the organisation and how an organisation can
benefit from the e-business hype without
taking the revolutionary and radical path.
King and Clift (2000) argue that the “e” ±
will soon be dropped and that e-business will
be business as it comes to be generally
understood. In this paper, various already
existing models and theories will be used. We
argue that these models and theories still
apply when looking from a new e-business
perspective. Examples will be given of
possible applications to demonstrate the use
of these models. However, we do not aim at
giving an exhaustive and complete
description; organisations are too different
from each other and new developments arise
every day. Every model and every example
will have to be adapted to fit within a specific
situation. We aim at providing a framework
that describes a process, which in the end will
give directions on where e-business
opportunities can be found.
Based on a definition used by IBM, we
define e-business as “a secure, flexible and
integrated approach to delivering
differentiated business value by combining
the systems and processes that run core
business operations with the simplicity and
reach made possible by Internet technology”.
This implies that e-business is more than just
a Web shop on the Internet and can reach
into every aspect of the organisation.
As e-business will be introduced into an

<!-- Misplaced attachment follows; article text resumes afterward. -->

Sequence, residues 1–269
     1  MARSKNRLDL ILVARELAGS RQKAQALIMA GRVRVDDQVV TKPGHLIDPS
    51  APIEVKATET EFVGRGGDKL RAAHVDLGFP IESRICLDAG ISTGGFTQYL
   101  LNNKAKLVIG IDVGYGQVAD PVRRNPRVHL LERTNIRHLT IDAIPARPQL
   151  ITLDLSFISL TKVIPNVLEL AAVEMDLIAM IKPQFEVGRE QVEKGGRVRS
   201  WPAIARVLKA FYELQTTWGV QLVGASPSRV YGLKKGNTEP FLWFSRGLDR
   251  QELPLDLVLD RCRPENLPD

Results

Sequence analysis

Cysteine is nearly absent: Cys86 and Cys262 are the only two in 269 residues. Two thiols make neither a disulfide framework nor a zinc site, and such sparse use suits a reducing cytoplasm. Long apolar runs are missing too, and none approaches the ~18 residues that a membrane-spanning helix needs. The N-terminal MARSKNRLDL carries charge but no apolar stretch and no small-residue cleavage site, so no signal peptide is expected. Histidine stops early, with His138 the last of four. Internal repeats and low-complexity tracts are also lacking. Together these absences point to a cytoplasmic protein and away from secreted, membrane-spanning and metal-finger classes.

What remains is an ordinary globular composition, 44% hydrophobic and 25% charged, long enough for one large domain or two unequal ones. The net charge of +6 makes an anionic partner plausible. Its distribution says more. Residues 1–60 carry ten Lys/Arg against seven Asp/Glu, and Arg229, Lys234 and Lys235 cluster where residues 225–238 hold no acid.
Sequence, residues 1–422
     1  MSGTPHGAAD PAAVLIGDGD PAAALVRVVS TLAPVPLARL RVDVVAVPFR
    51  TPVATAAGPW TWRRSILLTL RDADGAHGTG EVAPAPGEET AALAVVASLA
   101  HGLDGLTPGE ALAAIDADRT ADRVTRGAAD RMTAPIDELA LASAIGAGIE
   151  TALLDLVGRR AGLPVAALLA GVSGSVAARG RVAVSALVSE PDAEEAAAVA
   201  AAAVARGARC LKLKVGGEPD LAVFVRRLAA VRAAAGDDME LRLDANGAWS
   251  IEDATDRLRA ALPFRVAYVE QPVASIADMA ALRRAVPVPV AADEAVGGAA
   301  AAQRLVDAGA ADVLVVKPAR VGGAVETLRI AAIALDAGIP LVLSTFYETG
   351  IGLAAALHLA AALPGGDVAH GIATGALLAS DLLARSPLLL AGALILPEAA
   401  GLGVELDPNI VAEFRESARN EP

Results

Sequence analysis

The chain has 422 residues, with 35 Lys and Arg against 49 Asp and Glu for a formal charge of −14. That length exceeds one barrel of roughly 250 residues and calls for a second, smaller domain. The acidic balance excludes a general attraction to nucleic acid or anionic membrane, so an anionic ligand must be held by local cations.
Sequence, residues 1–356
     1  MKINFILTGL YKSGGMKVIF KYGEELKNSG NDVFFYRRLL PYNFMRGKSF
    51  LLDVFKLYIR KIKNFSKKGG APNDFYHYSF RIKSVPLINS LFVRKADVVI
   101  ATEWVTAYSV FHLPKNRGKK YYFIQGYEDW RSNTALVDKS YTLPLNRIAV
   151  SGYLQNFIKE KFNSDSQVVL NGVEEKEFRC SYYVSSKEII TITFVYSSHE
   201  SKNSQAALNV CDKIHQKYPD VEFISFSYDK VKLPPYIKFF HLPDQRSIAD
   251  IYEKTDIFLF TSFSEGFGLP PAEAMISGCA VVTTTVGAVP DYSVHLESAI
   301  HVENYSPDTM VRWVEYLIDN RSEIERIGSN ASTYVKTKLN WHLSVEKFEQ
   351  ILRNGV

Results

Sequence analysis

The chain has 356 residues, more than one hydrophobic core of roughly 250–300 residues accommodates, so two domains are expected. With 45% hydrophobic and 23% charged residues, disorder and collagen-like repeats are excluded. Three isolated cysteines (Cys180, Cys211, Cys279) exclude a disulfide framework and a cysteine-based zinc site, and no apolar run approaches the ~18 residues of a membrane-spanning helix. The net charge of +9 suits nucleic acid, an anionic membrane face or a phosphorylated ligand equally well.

existing organisation, there will be various
areas that have to be taken into account when
developing an e-business strategy. To
The authors
Floris P.C. van Hooft
is a student of Industrial
Engineering and Management and
Robert A. Stegwee
Professor and Chair of the Department of Business
Information Systems, University of Twente, Enschede,
The Netherlands.
Business strategy, Strategic information systems,
Information management, Electronic commerce,
Information technology, Internet
A fundamental approach to setting up an e-business
initiative is needed to fully utilise the capabilities of
Internet technology in a specific business setting. Such an
initiative has to build on the strengths of the organisation
and take full advantage of the opportunities in the
market, meanwhile identifying costly unsuccessful
projects and preventing unwanted market disturbances
introduced by carelessly designed e-commerce solutions.
In this paper, a method is presented for the development
of an e-business, based on research in the area of
strategic information systems planning. The proposed
method is designed to help clarify a strategic e-business
vision and to solicit management commitment to change
and take action on new business opportunities. In
addition, it takes into account the unique possibilities of
an organisation’s IT architecture, thus further advancing
the value of past investments in IT.
Electronic access
The research register for this journal is available at
The current issue and full text archive of this journal is
available at
Logistics Information Management
Volume 14
Number 1/2
pp. 44±53